Random Thought

Dell Store to open down the street

It seems Dell has been watching the Apple Stores, and is opening its own retail outlets, both in Texas, and in Nyack at my local Palisades Mall. Palisades is supposedly the 2nd largest mall in America, and it does have a Skating Rink, merry-go-round and Ferris Wheel inside.
It also has an Apple Store, so that’s an interesting gauntelet to throw down for Dell. Interestingly, this Apple store is just 8.9 miles from this other Apple Store in Northern NJ (Via Google Maps).
It will be interesting to see what kind of traction Dell gets.

At least I only have to go to one place to get stuff for both my laptops…

Random Thoughts

We the people (are being watched…)

My old friend Mitch alerts me to another potential privacy problem. Of course, he could have called, but it might have been tapped…

Surveillance society: Growing daily? by ZDNet‘s Mitch Ratcliffe — A bill being floated on Capitol Hill by Rep. F. James Sensenbrenner (R.—Wisconsin) would require Internet service providers to deliver logs of users’ surfing data to the government. Is it time to pull the plug on this surveillance society?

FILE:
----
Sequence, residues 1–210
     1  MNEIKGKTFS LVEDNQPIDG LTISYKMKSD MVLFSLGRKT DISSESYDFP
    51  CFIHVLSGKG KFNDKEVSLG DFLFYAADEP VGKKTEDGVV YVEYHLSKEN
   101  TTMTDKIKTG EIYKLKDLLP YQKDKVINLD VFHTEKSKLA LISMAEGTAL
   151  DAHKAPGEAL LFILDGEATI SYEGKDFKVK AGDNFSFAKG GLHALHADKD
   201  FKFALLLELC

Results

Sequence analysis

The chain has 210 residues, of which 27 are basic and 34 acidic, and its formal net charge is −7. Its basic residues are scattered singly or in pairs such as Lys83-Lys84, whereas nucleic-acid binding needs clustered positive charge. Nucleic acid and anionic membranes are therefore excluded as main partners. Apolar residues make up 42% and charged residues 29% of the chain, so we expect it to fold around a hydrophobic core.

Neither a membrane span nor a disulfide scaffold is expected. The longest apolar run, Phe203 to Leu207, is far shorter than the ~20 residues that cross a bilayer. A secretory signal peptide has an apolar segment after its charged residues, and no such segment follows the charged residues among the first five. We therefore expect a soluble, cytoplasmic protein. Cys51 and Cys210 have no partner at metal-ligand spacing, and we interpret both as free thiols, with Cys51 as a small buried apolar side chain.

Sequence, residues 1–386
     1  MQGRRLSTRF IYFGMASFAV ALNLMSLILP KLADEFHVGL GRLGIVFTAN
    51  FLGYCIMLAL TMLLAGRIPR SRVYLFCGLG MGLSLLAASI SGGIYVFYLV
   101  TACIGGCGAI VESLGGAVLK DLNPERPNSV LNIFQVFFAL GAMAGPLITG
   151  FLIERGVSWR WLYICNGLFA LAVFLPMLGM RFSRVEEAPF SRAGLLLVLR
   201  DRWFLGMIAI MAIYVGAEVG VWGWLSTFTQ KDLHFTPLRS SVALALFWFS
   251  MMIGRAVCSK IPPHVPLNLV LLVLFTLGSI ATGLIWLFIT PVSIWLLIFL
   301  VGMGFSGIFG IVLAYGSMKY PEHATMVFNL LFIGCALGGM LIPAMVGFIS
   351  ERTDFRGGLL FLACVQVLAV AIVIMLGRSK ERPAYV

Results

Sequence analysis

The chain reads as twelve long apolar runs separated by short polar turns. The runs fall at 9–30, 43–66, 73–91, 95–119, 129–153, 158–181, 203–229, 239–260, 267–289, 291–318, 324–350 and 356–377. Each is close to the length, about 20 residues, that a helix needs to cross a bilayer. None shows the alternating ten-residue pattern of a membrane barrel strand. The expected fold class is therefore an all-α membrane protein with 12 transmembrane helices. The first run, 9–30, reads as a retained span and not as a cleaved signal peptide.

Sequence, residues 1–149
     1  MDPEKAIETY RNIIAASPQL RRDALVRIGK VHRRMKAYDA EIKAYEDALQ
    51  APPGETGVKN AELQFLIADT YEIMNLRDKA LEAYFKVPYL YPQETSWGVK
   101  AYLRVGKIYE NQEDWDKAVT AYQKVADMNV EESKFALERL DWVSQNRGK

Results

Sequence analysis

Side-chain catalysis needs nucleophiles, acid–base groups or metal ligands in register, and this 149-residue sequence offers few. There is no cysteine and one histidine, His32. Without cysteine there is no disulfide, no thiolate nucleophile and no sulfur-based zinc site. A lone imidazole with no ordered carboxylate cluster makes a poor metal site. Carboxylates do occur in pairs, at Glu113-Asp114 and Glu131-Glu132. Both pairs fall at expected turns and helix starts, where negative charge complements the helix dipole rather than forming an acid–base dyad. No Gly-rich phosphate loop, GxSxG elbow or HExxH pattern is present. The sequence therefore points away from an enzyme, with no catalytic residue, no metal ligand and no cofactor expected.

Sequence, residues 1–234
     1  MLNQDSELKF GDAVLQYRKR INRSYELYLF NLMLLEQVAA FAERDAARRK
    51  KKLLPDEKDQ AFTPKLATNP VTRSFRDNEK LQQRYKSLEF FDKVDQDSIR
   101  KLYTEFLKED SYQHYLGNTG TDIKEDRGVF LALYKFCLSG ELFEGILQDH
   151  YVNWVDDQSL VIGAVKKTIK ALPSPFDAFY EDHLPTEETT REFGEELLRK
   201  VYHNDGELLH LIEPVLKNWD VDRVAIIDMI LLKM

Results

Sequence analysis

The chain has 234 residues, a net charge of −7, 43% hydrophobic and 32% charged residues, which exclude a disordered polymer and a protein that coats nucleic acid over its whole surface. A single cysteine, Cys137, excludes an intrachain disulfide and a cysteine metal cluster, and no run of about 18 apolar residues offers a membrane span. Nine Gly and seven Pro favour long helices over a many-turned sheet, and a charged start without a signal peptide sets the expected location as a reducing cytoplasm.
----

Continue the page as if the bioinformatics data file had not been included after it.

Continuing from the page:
Random Thought

Good Customer Service…ongoing

I’ve had accounts with Fidelity for years. I had one set of stocks at SSB (no link) that I wanted to transfer out to save on fees charged. Well, the fine Citi/SSB folks charged me $95 for the privlege of taking my stock out and sending it electronically (which takes almost no time and costs almost zero to both firms), to Fidelity.

Fidelity, like a good customer service group ought to do, sucked up the $95 Citi charge. That is a good deal.  Thanks, Fidelity.


Evolution of Economics

Verna Alle

Economic Theory free-fall – there are no good models of the knowledge economy. All our ideas are based on product and commodity

If we create new ideas and share, all people come away enriched.

We have an opportunity to reconcile economy with fabric of life.

Drucker: The Corporation as we know it is unlikely to survive the next 25 years..legally and financially, yes, but not structurally or economically.

Zuboff: value resides in individuals, networks infinitely configurable.

Transparency – 360 degrees – to stakeholders of organizations  – Reputation is everything.

XBRL – data tagging of business data

If revenue service can look into my company and see all my data, why need an audit firm?